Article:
citation and virtual simulation. Vampire buildings are forced to be immortal
due to "architectural correctness" a cultural, political and economic
conservative tendency to assign a representative role upon a select number
of buildings. Vampire buildings, while culturally incestuous and necrophilic
(or perhaps because of it), will always remain protected from erosion,
gravity, war, crawling vines, graffiti and the like.

So, one important aspect of Relational Architecture is to produce a
performative context where default buildings may take on temporary
specificity and vampire buildings may decline their role in their
established, prevailing identification.

Having said this, I am interested in distancing my practice from the notion
of the "site-specific", particularly from the postmodern attempts to find
and deconstruct essential constituent characteristics of a particular space:
I am very committed to the idea that a site consists of an indeterminate
number of intersecting imaginary, socio-political, physical and tele-present
spaces. Therefore, I like to use the term "relationship-specific" to
describe the uniqueness of a discreet interaction between participants,
different planes of experience and the relational building(s). What is
specific is the new behaviours that might emerge during interaction.

GL: Yes, let's go to the messy reality, of Mexico City in this case where
you have just finished a pearly piece of relational architecture. Do you see
the high tech equipment you have been using there clashing with rampant
poverty, a low intensity civil war in Chips, in general the huge social
divides in Mexico, or this is just another Western cliché? I suppose you
have just intensively enjoyed doing it, overcoming all sorts of difficulties
connected with such a complicated set-up. Tell us all about the everyday
contradictions you have encountered, compared to the Spanish or Austrian
bureaucracies and formalities.

RLH: The piece in Mexico City was commissioned by the National Council for
Culture and the Arts for the Millennium celebrations. The President of the
Council saw my work in Austria, which questioned the notion of heritage and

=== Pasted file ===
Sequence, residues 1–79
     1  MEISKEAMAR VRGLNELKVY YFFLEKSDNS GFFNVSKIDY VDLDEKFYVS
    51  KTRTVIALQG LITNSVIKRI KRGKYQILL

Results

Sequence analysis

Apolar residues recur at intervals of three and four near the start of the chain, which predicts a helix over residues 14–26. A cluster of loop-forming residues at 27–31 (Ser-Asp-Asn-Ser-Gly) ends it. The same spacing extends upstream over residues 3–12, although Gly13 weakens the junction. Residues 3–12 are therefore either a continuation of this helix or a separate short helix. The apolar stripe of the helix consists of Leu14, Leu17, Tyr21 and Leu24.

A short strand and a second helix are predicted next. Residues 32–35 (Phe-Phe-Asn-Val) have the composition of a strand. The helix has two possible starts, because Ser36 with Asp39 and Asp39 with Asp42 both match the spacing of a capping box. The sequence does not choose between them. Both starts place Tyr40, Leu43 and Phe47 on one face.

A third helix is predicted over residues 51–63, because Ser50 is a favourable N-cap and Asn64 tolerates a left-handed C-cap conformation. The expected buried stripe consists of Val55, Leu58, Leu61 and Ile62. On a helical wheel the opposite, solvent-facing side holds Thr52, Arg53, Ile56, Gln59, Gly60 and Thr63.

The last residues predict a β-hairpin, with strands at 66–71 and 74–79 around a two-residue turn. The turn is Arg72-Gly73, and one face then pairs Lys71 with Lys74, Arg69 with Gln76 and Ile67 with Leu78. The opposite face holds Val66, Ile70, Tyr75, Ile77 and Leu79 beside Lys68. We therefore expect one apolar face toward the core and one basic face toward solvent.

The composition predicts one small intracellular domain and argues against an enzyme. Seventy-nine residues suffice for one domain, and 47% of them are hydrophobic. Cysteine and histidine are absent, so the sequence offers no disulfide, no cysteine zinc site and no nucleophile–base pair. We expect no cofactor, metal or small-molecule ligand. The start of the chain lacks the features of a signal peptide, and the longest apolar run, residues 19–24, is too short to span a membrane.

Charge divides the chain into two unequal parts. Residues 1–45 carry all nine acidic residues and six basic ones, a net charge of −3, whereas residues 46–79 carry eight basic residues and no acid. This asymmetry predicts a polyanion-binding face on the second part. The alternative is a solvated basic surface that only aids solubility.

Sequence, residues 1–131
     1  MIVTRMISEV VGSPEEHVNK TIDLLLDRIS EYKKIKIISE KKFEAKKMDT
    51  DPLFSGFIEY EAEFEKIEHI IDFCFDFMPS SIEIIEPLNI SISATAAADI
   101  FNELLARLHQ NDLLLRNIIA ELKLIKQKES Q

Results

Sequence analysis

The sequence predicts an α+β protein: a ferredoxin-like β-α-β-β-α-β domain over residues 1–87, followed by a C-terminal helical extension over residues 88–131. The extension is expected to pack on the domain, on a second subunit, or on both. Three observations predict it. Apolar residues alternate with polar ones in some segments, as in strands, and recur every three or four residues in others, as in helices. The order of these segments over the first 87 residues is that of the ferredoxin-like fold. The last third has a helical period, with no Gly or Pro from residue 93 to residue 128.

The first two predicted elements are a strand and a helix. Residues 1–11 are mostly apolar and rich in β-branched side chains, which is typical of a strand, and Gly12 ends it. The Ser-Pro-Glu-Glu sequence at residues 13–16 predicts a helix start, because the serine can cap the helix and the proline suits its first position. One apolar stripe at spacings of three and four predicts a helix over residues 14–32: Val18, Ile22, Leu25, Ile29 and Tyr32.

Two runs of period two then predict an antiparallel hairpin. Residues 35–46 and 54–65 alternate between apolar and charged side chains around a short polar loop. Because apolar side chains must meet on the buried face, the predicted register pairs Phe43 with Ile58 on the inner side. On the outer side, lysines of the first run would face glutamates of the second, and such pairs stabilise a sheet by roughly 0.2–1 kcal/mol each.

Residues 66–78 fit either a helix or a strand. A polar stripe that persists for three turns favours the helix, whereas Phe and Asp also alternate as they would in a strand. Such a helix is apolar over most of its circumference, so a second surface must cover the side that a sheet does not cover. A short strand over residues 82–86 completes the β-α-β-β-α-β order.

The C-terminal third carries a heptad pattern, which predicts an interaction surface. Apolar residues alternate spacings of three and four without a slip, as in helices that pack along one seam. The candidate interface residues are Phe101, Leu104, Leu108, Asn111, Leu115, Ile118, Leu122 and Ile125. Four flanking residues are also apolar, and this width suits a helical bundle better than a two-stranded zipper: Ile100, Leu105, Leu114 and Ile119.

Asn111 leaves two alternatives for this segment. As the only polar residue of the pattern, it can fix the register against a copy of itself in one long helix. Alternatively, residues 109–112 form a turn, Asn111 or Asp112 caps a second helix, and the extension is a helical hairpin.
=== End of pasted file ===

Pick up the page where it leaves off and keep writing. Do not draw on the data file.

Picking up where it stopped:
"cultural property," and asked me to use Mexican history as a departure
point for a spectacular installation in the Zócalo Square. Now, most Mexican
Art this century has had a very didactic, historicist bent that is clearly
evident in the Neue Sachlichkeit work of the muralists. Modern masters
adopted a "revolutionary" aesthetic that was characterized by a problematic
romantisation of indigenous peoples, a militant patriotism, and a
fascination with linear models of history. Perhaps what could have been
expected is to have a new kind of virtual muralism, consisting of
projections of parading national heroes. The last thing I wanted to do is to
repeat these monologic mantras. Fortunately, contemporary Mexican art has
departed long ago from this vision, starting with Octavio Paz who challenged
the concept of "progress" almost forty years ago and José Luis Cuevas who
denounced muralism as a "cactus curtain" that was blocking the transit of
ideas in and out of Mexico.

In any case, the problem of large-scale monologic representation is not only
a Mexican phenomenon. Most Millennium shows throughout the world consisted
of son et lumiere spectacles that defined a linear historicist narrative of
"representative" moments or actors in history. Each of those narratives must
be analyzed in terms of their exclusions of so called "minor" histories,
because there can never be a comprehensive, exhaustive nor neutral
representation and what is shown is always a profile of the current elite.
There is a very close connection between representation and repression,
particularly when it is applied to what Edward Said calls "identitarian"
narratives. Elites have always used such narratives to homogenize and
control what are otherwise complex, dynamic social fabrics. The Millennium
was the first chance to see the widespread impact of new technologies of
representation on the scale and insidiousness of identitarian power
affirmation (although it could be argued that they were already evident, for
instance, in pokemon consumerism or in the "special effects" capitalism of
dot com corporations).

>From the very beginning of the design process I knew that the piece had to
incorporate interactivity as a way of avoiding historical representation and
Lurçat- and Speer-like spectacles. I wanted the main protagonist of the
piece to be the participants themselves. Since the minister had asked me to
look at Mexican history to find a departure point for the piece I
investigated the largely undocumented history of Mexican technological
culture. I found several useful precedents, which serve as a legitimate
backdrop for electronic art projects, from the research of Gonzalez Camarena
on color TV to the popularization of electronic music by Luis Pérez
Esquivel. One discovery was incredibly useful: the theory of Cybernetics was
postulated by Norbert Wiener and Arturo Rosenbleuth at the Mexican Institute
of Cardiology to explain self-regulation in the heart. Since I became aware
of this, I have joked that cyber art is a native Mexican practice!

But seriously, to answer your question regarding the potential clash between
high tech equipment and the appalling economic situation of many Mexicans, I